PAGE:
SOCHI, Russia – Marie-Phillip Poulin’s golden overtime goal will be the lasting memory of Canada’s victory over the U.S. in the Sochi Olympics women’s hockey final. But the controversial officiating in the later stages of the game will also linger on, in infamy.
“I think tripping, or cross-checking or whatever the call was, I think you have to touch the opponent, don’t you?” asked U.S. forward Hilary Knight, on her penalty on Canadian forward Halyey Wickenheiser that led to Poulin’s game-winning power play goal.
“I didn’t touch her.”
The third period of Canada’s gold medal win over the U.S. featured one penalty call, just seven seconds in on Canadian defenseman Tara Watchorn.
In 8:10 of overtime, there were three penalties called, the two most controversial calls came against the Americans.
With Catherine Ward in the penalty box for Canada on a cross-checking penalty, in which she hit a U.S. forward from behind during a scoring scramble, the U.S. power play lasted only 1:16. That’s because Jocelyne Lamoureux was whistled for slashing Canadian goalie Shannon Szabados, hitting her pads with her stick in an attempt to jar the puck loose.
Lamoureux had been cautioned about that infraction earlier in the game, but it was a call not too often seen in overtime – let alone overtime of a gold medal game.
“It's tough when we’re up a man and Canada’s looking for a call, and they were going to call anything when we were in front of their goalie,” said U.S. forward Kendall Coyne.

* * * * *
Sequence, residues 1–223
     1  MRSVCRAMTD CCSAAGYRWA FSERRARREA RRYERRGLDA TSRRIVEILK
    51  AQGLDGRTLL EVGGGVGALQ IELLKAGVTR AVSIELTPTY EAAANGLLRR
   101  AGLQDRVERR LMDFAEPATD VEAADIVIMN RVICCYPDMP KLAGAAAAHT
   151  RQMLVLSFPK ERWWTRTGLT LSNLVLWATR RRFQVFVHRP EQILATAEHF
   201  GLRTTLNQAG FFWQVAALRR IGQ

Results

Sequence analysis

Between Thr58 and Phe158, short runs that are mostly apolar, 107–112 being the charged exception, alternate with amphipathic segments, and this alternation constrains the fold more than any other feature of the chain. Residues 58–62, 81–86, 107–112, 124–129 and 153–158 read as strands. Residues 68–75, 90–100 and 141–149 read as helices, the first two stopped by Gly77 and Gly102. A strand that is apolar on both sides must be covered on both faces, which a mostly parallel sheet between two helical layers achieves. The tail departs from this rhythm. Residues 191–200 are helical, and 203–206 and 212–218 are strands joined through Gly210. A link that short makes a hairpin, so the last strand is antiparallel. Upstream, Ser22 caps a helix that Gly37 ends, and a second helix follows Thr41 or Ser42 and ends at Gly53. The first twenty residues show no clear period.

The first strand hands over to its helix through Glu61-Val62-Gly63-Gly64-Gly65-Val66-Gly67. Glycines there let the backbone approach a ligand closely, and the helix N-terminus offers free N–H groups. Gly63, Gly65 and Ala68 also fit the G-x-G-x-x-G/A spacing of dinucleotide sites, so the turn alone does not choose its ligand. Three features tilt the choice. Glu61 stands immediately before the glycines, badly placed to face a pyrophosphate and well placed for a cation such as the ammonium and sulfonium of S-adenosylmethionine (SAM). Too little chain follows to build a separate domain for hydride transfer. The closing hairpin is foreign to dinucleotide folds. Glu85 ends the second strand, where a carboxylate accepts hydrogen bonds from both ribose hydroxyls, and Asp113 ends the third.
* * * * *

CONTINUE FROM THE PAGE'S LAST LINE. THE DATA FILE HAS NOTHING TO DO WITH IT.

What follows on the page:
“There was miscommunication on our part for us to take another penalty.”
Knight’s cross-checking penalty came exactly 1:16 after Lamoureux’s slash. A breakdown for the U.S. defense led to Wickenheiser getting a breakaway in the 4-on-4 overtime. Replays were inconclusive; Knight’s skate may have nicked hers, or both fell independent of each other. But there wasn’t a clear attempt to pull down the Canadian star by Knight.
Canada may have been awarded a penalty shot on the play; instead, it was a 2-minute minor.
“I didn’t touch her. She fell. It was a bogus call. But it doesn’t rely on one call. We had plenty of opportunity,” said Knight.
Said Wickenheiser: “We got the call late in the game. The ref was a factor all night and it worked out for our favor in the end.”
U.S. Coach Katey Stone said there was no discussion by the officials as to whether the right call was made, and declined to comment on the quality of officiating.
Said Canada Coach Kevin Dineen: “All tournament, it’s only five games, but you get a little snapshot. When you’ve coached a long time, things tend to balance out. It was a quality game by everyone involved.”